By AIA Contract Documents
January 11, 2023
One of the first decisions an owner has to make at the outset of a construction project is what type of project delivery method they wish to employ. There are several different project delivery methods, such as Design-Bid-Build, Design-Build, Progressive Design-Build, and, the topic for this article, Construction Manager (“CM”). If the owner opts for the CM delivery method, there are two different contract structures for the CM: CM as Adviser (“CMa”) and CM as Constructor (“CMc”).
The construction manager under the CMa delivery method serves as an independent adviser to the owner throughout all phases of construction. The CM contracts directly with the owner for the services to be provided and is responsible for the administration of the multiple contracts the owner enters into with contractors. During the design phase, the CM advises the owner on budgets and schedule related to the proposed design. Once the preconstruction phase is over, the CM coordinates the construction much like a general contractor would. If the owner decides to proceed with a CMa, the AIA Documents A132-2019, A232-2019, B132-2019, and C132-2019 should be used.
Under a CMc delivery method the owner employs a construction manager to serve as an adviser during the preconstruction phase and also provides construction of the project with a guaranteed maximum price. At an agreed time, the construction manager prepares a guaranteed maximum price proposal for the owner’s review and approval. Once the owner has approved the proposal, the owner and construction manager enter into a separate agreement for the construction manager to provide labor and materials for the project and to complete construction at or below the guaranteed maximum price. Portions of the two phases of CMc, preconstruction, and construction, have the ability to be performed concurrently where the project requires. If the owner decides to proceed with a CMc, the A201- 2017 , B133-2019 and either A133-2019 or A134-2019 should be used.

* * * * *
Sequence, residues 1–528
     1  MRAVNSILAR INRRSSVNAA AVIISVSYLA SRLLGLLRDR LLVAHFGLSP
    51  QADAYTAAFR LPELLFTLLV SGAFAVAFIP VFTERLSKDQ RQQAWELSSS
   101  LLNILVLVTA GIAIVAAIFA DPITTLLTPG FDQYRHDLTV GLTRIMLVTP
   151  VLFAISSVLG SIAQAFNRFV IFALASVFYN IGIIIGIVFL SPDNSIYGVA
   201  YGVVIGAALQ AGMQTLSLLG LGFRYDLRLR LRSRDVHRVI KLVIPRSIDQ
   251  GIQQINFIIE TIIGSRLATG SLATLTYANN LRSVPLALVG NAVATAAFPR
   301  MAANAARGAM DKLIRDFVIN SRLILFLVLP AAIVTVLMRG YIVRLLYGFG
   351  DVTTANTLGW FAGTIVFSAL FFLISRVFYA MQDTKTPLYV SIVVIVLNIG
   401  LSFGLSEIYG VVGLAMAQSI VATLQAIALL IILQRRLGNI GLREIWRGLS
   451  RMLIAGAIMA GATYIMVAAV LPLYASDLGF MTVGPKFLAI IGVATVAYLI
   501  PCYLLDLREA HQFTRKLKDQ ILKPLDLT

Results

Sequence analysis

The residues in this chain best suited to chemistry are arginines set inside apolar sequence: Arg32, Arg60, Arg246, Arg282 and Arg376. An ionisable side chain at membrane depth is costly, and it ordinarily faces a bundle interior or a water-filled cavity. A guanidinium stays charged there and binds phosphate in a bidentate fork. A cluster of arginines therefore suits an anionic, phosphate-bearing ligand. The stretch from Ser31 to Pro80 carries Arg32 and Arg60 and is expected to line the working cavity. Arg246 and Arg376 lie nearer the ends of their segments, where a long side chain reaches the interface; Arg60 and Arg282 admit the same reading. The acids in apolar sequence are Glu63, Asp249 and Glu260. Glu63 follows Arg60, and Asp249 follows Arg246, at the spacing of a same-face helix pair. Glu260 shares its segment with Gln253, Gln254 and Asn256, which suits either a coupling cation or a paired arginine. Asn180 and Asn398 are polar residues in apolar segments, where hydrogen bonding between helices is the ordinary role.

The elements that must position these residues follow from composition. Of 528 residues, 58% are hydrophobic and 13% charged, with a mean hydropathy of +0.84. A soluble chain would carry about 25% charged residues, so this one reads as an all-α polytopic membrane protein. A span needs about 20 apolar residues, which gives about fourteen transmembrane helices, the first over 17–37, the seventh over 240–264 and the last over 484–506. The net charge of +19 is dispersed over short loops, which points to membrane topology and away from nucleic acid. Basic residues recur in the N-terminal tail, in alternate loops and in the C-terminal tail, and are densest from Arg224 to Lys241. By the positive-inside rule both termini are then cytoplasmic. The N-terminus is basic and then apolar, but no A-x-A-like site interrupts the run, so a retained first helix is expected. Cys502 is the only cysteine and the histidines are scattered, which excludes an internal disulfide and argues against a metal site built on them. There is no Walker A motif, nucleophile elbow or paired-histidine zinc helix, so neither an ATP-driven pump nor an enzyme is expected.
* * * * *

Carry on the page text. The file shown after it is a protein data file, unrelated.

AIA Contract Documents has provided this article for general informational purposes only. The information provided is not a legal opinion or legal advice and does not create an attorney-client relationship of any kind. This article is also not intended to provide guidance as to how project parties should interpret their specific contracts or resolve contract disputes, as those decisions will need to be made in consultation with legal counsel, insurance counsel, and other professionals, and based upon a multitude of factors.